The Met in New York revisits fashion through a 100% feminine exhibition

New York – The Metropolitan Museum in New York dedicates its new fashion exhibition to female designers, and only to them, seeking to go beyond a few clichés and highlight figures who have remained in the shadows.

Symbol of this exhibition (from December 7 to March 3, 2024) entitled “Women dressing women”, a cotton muslin dress decorated with silk and taffeta roses allows us to rediscover Ann Lowe (1898- 1981), a pioneer among African-American designers, but largely ignored in her time, even though she had designed Jackie Kennedy’s wedding dress (1953).

Three decades earlier, a now-forgotten French house, Premet, launched a “La Garçonne” dress designed by “Mme Charlotte”, “whose success preceded that of (Gabrielle) Chanel by three years” at the head of the same house. name, underlines the museum. Through 80 outfits created by 70 designers, the fashion branch of the prestigious New York museum, “The Costume Institute”, revisits the art of women’s clothing from the beginning of the 20th century to the present day and the messages of defense of the environment of creators like Gabriela Hearst or Hillary Taymour.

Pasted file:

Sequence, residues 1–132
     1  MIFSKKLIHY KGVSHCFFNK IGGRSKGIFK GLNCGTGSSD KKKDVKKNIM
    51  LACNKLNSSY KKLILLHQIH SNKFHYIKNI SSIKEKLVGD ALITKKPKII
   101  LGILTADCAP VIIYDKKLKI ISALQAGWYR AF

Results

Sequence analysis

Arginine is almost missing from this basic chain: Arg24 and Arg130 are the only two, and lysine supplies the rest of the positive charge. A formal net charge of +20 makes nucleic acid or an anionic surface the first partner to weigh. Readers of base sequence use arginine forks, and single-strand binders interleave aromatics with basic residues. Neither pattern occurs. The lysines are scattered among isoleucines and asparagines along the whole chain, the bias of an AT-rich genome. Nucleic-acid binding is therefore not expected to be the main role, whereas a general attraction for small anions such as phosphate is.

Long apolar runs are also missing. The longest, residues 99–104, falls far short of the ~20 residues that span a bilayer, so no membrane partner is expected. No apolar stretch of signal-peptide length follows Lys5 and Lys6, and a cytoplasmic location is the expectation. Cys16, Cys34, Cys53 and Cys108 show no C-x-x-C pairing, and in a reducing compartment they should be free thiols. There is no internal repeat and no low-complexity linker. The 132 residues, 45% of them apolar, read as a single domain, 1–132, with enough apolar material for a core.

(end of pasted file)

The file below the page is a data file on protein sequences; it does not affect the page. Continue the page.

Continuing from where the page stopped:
“The most important thing is to show the incredible diversity of women designers throughout history who have made all these major contributions to fashion,” explains Mellissa Huber, associate curator at the Costume Institute.

“We aim to dispel the stereotypes according to which women are more ‘practical’ than men, or that they create with themselves in mind”, to the detriment of creativity, she adds.

For women, the story begins in the anonymity of sewing workshops, where they are often relegated. But several French designers established themselves at the beginning of the 20th century, such as Madeleine Vionnet, Jeanne Lanvin and Gabrielle Chanel. The interwar period in France even saw the number of women designers exceed that of men in fashion, the exhibition highlights.

To present the outfits designed by Elsa Schiaparelli, Nina Ricci, or Vivienne Westwood, the “Costume Institute” delved into its collections, 33,000 pieces which represent seven centuries of clothing. The exhibition, initially planned for 2020 to celebrate 100 years of women’s suffrage in the United States, but delayed by the pandemic, ends on a more political note, looking at the “absences” or “omissions” in ” museum collections and the canons of fashion. A question posed by this dress celebrating the large sizes of Frenchwoman Ester Manas.

The impressive collection of the “Costume Institute” will be further highlighted during the museum’s next major fashion exhibition in spring 2024, where it intends to awaken “its sleeping beauties”, that is to say its rarest and fragile pieces . An anticipated event, because like every year it coincides with the Met Gala, the famous philanthropic evening where the stars crowd in extravagant outfits. (AFP)

2023-12-07 09:32:22
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